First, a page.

Cameroon- With one of the cooler team names in the world, Les Lions Indomables have some real potential. FIFA already considers them the 11th best team in the world and a strong Cup showing would vault them into the Top 10. From ’90 to ’02 they made all 4 World Cups before missing the ’06 one; in Africa they have had some success–making the quarter-finals this year and the title game two years ago (both times losing to eventual champion Egypt). They qualified easily for this year’s World Cup and in Samuel Eto’o they have one of the best strikers in the world–he scored 9 goals in 10 WC Qualifying games. Eto’o recently threatened to not play because of some criticism from a former Cameroon player, but I take that threat about as seriously as I do a seven-year-old threatening to run away from home. Eto’o is like James Brown putting back on his cape and limping towards backstage–it is a stage act designed to force the people to show how much they love him. But he loves the big stage too much to really leave.

Like most of the African teams, Cameroon is a semi-chic pick to advance deep into the tournament, due in part to that damn home-field advantage everyone talks about despite the fact that Cameroon is as close to South Africa as Los Angeles is to Hawaii. And there’s also the fact that Eto’o will be dealing with the same long Champion’s League season that the German team will. If he’s tired can the rest of the team pick up of the slack? Probably not. But if he puts on a show and this team keeps their defense intact, the Indomitable Lions might exceed the already high expectations. They still won’t win it all, they just don’t have the depth of talent for that, but the semi-finals are not out of the question.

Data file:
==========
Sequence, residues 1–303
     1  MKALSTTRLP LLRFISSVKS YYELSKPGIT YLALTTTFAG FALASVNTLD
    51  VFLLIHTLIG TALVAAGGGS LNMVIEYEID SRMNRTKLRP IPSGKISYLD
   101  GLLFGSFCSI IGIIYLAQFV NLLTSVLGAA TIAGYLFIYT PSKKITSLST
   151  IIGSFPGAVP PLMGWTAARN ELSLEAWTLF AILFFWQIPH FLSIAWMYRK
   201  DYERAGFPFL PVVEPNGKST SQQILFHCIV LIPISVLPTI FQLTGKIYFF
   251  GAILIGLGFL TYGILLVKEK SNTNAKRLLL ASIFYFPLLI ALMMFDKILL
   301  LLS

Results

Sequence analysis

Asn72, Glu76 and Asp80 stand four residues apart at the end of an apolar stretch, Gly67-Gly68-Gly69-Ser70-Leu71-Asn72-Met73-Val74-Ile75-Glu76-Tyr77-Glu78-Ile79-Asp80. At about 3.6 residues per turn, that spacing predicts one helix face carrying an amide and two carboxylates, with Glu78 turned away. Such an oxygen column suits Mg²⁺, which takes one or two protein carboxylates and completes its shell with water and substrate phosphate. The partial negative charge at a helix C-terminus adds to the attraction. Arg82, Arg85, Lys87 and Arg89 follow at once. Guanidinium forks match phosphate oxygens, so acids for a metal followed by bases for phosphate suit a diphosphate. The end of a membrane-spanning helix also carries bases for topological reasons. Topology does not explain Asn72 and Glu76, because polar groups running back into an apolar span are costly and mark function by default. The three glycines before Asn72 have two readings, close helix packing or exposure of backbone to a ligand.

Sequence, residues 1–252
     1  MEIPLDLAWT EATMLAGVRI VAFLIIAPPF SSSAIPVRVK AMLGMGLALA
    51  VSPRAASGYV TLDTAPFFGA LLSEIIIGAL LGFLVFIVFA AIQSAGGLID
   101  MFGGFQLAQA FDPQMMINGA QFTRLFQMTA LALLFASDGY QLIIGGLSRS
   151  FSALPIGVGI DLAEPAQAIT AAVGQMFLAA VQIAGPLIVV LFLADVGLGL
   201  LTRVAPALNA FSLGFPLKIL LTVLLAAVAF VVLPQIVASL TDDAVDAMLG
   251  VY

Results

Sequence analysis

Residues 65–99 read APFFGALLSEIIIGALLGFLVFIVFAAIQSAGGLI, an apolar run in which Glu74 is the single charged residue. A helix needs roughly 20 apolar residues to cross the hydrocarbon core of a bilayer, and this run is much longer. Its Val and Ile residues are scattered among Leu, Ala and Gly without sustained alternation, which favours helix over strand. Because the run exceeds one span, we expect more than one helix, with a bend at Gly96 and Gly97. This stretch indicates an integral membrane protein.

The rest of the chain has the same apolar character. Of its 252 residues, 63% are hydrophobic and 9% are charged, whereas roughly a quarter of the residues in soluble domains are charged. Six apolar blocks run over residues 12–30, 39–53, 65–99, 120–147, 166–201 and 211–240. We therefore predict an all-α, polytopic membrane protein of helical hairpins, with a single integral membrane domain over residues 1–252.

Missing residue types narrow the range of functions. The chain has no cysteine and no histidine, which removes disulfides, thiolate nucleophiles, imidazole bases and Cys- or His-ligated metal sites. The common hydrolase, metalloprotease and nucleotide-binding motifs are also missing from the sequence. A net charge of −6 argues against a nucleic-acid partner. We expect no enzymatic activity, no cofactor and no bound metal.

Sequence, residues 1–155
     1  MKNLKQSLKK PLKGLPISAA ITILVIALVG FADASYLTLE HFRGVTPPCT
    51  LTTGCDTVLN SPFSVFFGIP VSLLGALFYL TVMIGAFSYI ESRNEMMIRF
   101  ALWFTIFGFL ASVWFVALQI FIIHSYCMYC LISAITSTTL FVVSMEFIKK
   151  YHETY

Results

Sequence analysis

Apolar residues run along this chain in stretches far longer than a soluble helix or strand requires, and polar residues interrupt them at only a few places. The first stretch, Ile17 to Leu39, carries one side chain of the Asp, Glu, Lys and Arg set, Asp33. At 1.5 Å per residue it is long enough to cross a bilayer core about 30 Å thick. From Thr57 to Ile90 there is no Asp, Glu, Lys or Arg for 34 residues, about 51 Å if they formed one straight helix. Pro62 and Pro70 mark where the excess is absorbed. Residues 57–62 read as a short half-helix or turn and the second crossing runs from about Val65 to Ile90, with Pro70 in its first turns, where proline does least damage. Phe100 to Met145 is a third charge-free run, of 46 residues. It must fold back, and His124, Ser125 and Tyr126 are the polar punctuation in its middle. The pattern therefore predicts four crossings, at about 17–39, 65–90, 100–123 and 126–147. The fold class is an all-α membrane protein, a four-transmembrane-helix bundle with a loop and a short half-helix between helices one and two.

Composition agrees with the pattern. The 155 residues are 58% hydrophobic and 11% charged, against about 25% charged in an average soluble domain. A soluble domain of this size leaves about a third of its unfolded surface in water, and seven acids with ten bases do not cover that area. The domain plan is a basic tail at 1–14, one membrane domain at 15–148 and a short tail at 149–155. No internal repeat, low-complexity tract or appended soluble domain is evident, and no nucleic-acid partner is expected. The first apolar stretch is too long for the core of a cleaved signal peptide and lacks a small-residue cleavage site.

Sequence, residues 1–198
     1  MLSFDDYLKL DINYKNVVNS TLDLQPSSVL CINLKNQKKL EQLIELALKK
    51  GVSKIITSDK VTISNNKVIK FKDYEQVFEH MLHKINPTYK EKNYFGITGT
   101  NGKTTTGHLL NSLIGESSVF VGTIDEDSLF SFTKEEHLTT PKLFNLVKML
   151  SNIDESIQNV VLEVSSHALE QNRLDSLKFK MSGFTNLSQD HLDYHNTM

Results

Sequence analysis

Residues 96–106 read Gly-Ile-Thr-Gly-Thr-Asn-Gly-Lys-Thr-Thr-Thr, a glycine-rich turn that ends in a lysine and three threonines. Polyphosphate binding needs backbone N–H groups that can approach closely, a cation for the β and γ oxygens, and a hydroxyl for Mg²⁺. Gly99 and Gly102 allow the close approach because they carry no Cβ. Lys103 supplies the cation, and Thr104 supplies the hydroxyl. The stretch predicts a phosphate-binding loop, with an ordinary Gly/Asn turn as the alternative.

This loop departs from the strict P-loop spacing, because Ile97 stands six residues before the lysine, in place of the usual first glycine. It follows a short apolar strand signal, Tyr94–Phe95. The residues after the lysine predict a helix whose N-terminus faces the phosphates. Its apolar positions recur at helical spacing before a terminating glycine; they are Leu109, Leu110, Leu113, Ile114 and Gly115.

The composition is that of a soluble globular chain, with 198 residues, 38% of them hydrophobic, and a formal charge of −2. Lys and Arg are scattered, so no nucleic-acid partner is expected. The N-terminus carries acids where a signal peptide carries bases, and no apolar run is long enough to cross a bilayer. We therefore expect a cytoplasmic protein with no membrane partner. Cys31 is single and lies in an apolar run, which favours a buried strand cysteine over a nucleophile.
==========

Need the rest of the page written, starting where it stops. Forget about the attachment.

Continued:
Netherlands- Like Germany, the Netherlands are a little harder to find flaws in. Ever since the 70s (when they finished as runners-up twice) the Clockwork Orange football has been an exciting one. They have a flair in their attack and they play defense in a way that doesn’t slow the game down. Yet they still seem to disappoint–in ’06 a talented Dutch team only put one goal in against Serbia, and was held scoreless against Argentina and Portugal (the second game being an elimination game). In ’02 they didn’t even make the World Cup and ’98 they lost on PKs to Brazil.

The biggest knock on this team is probably how slight a knock it takes to injure their players. This team is more frail than Samuel Jackson in Unbreakable. Even when they are spread throughout Europe on their club teams, they still seem to share the same fragility. A strong wind during the group stage and half their starting eleven could end up with the plague.

In Europe they have had significant success–making the Semis in 4 of the last 7, including winning it all in ’88, but that success has rarely translated into the World Cup (making the Semis just once in the last 7 World Cups). So now it becomes a philosophical question: can we blame the current team for the sins of their forbearers? Basically should history really be a factor in current endeavors? I say “Yes!” Because without history there would be no reason to say the Netherlands can’t win it all, and that would then eliminate my whole theory. So I say this team will have the same shortcomings as before and the Netherlands will breeze through Group only to choke in PKs in the later rounds. If you’ve already filled out your bracket, you more than likely have that choke game coming against Brazil in the Quarters; but if the Dutch make it through that game…

If you offered me the Dutch or the Field (the other 31 teams), I would take the math and take the Field–therefore, the Dutch won’t win it all. (However, if you offered me 10 to one odds on the Dutch to win it all, I’d be really tempted…)

Ryan Thies is a writer for The Long Beach Post. This Column originally appeared on the Long Beach Post and is republished here with written consent.